“Please like Ragigudda Temple on Facebook”, the sign read. Standing just outside the sanctum sanctorum of a temple named after a fabled heap of ragi (finger millet) that turned to stone, our group of 12 looked on in amusement. Clearly, even the gods had no choice but to change with the times. The Ragigudda temple was a stop on a cycling tour with Unventured, a Bengaluru-based adventure travel company; I’d signed up for a Temple and Thindi (breakfast) trail, an 18-km guided route covering four famous temples in the southern region, led by Gurudeep and Tejaswini.
Our 18-km ride started bright and early at 6.30a.m from Lalbagh Gardens, which was also the last stop. Breakfast was at Mavalli Tiffin Rooms (MTR), a much-loved 91-year-old restaurant where Sundays are filled—packed actually—with happy customers who don’t mind spending some time in the large waiting area. Along with stories on how MTR invented the rava (semolina) idli during World War II, sample crisp dosas laced with ghee, aromatic kharabath (a semolina-based preparation) and chandrahar, a deep fried maida dessert doused in khoya. And don’t miss the coffee—it’s served to a select group of customers (Unventured cyclists included) in tumblers made of real silver.
The first temple on the route was the 800-year-old Subramanya Swamy Temple, made in honour of Lord Shiva’s eldest son, Muruga. Just off a busy street in V.V. Puram, the towering, intricately carved entrance to this temple is reminiscent of Madurai’s famous Meenakshi temple. This is one of the oldest temples in the city, and houses gilded Tanjore paintings as well as a silver chariot, brought out only during the annual “peanut fair” on the adjoining street—celebrating the resident God’s favourite food.
These rock sculptures are found inside the Ragigudda temple complex. Photo: Akanksha Ohri
Riding through the now steadily increasing city traffic, past malls, apartments and corporate buildings that make up modern Bengaluru, we found our way to the Facebook-friendly Ragigudda temple in JP Nagar. The cool stone floors and the calming notes from the nadaswaram (an oboe-like instrument used to wake up the gods) were a welcome change from the clamour outside. We paid our respects at the Hanuman and Annapurna devi sections of the temple, and walked to three enormous slabs of pale grey stone outside, with beautiful sculptures of Brahma, Vishnu and Mahesh carved onto them. Legend has it, the three gods loved the area so much when they visited, that they decided to stay here forever and turned themselves to stone.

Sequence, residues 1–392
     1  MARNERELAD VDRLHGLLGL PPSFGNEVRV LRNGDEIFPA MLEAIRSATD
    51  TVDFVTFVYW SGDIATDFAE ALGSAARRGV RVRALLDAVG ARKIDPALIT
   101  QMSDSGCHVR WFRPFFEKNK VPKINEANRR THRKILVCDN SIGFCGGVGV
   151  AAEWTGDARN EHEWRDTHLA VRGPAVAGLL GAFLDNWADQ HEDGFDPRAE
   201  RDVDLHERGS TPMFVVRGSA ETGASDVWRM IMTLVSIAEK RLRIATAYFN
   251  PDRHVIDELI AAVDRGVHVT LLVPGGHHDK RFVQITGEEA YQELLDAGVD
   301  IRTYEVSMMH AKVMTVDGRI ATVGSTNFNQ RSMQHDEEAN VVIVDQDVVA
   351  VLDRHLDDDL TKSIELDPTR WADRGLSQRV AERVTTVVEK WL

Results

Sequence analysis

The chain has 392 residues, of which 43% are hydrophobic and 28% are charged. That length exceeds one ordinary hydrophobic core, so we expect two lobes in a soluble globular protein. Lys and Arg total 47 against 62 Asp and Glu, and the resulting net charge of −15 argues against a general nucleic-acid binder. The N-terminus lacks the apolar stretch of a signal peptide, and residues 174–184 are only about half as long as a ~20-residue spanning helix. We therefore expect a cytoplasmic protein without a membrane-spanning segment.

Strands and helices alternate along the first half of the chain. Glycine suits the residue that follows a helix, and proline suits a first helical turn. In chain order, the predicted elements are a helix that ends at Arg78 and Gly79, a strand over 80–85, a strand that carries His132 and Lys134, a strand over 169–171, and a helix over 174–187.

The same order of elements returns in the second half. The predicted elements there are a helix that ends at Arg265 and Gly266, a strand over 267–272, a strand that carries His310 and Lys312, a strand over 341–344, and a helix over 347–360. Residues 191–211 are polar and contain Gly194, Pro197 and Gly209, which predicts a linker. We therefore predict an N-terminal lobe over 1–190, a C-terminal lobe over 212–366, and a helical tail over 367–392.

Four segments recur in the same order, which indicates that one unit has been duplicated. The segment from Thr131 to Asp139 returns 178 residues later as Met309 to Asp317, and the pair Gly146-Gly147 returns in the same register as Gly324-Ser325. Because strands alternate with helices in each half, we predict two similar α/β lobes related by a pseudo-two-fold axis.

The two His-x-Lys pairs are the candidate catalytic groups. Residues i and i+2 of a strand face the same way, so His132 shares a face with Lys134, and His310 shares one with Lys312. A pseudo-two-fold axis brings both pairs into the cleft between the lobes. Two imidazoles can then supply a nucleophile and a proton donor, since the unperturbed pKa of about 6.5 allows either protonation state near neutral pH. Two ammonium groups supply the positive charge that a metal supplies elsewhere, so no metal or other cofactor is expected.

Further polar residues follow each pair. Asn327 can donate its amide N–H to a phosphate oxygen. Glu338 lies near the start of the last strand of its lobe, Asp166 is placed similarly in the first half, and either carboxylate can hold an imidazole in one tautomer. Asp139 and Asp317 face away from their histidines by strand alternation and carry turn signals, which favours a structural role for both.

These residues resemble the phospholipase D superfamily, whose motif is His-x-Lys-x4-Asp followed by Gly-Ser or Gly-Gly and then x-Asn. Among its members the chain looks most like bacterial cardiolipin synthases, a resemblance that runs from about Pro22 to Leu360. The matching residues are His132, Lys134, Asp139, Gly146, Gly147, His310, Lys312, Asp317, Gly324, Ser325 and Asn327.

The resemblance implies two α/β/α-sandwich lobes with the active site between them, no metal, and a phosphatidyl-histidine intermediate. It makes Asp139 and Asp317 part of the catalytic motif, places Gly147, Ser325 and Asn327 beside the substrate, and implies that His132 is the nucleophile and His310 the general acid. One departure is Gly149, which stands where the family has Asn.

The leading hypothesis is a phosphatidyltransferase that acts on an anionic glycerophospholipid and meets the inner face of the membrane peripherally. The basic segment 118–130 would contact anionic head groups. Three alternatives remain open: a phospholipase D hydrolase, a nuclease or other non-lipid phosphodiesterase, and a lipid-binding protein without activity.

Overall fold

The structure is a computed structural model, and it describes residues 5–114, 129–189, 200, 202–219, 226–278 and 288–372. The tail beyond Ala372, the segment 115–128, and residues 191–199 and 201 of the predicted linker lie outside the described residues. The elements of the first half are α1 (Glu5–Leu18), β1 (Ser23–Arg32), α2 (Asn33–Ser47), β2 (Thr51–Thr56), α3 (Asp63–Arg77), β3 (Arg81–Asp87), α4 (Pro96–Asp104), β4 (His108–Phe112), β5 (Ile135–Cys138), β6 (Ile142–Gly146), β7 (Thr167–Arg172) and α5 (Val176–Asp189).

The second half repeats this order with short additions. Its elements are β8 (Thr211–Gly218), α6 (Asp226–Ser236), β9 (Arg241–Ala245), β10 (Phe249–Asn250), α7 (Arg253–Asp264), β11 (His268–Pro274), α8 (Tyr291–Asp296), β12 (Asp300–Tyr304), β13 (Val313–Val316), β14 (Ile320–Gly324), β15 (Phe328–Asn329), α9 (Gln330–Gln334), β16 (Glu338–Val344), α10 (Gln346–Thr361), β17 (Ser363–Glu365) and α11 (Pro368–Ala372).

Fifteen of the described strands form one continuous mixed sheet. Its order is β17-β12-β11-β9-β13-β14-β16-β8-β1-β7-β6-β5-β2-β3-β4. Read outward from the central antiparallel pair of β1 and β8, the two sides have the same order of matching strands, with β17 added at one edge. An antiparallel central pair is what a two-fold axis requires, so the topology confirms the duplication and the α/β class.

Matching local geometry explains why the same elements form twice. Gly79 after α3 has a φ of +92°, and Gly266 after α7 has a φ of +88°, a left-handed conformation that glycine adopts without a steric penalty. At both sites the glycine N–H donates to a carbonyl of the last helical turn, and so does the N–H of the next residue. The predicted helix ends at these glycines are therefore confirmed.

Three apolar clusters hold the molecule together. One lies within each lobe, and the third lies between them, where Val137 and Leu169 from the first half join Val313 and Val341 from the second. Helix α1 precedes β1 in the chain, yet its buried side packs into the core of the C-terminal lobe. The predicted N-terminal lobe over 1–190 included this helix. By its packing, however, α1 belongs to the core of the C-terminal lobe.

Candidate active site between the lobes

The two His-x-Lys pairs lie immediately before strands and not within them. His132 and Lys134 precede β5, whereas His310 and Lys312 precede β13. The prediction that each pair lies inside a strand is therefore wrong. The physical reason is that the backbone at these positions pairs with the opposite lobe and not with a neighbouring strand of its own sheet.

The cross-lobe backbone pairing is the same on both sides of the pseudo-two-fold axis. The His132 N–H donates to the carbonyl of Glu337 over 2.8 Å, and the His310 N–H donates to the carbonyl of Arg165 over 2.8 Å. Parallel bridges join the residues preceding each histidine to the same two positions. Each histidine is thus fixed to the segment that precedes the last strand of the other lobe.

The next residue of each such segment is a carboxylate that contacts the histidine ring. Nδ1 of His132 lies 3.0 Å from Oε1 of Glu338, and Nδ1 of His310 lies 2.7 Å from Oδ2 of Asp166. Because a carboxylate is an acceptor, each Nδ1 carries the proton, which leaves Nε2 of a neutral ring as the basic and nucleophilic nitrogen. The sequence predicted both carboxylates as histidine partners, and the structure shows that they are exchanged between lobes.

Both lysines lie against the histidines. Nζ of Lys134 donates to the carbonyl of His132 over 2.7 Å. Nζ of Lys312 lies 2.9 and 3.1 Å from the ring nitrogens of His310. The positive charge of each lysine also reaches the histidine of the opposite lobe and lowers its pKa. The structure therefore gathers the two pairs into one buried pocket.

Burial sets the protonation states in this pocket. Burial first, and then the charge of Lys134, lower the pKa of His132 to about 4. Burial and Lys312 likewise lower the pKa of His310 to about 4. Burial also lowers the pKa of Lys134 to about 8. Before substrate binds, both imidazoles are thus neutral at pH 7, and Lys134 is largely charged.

Next up was the Big Bull temple in Basavanagudi. This features a 15ft tall Nandi, carved out of a single slab of granite by farmers trying to appease the rogue bull that was ravaging their crops. The same complex also has the reportedly 3,000-million-year-old Bugle Rock, on which Kempe Gowda, the city’s founder, built one of the four watchtowers that marked the boundaries of Bengaluru in his day.
The Gavi Gangadeshwara temple is said to have been carved out of a single rock. Photo courtesy Unventured
The last temple on our itinerary was the Gavi Gangadeshwara temple in Gavipuram. This one is a unique cave temple, dedicated to Lord Shiva. It is said to have been carved out of a monolithic 9th-century rock. A very low and narrow path cut into the rock goes around the temple (claustrophobics beware!). At 5’3″, I was bent perpendicularly at the waist, but our 6ft-plus Brazilian and Scottish tour mates had to scramble through on all fours!
The tour is a fun activity to do over a weekend, alone or with company. If you’re a local, there’s little here that will surprise you, but if you’re new to the city and want a small glimpse into a part of its culture, with a little biking thrown in, it’s a fun way to navigate the trail.
Carry drinking water, sunglasses, and a windcheater as it could rain.
Use the washrooms at the restaurants or petrol stations on the way if you need to; the ones available at the temples are very basic, and in most cases, are Indian-styled.
If you’re unfamiliar with geared bicycles, ask the tour guides for a run-down before the tour begins. There are a number of slight uphill and downhill slopes on the way and the wrong gear can make cycling along those a real pain.
Pack a snack, just in case the tour goes on longer than planned.
Traffic can get quite intense after 10a.m., even on weekends, so stay near the guides if you’re not comfortable riding along crowded roads.
Follow Unventured’s Facebook page for updates.
is Web Intern at National Geographic Traveller India. While pursuing her Masters in Communication from Bangalore, she's always looking for a chance to pack her bags and set off on a little adventure. Otherwise, she's gushing over P.G Wodehouse and Wes Anderson, or thinking about food.
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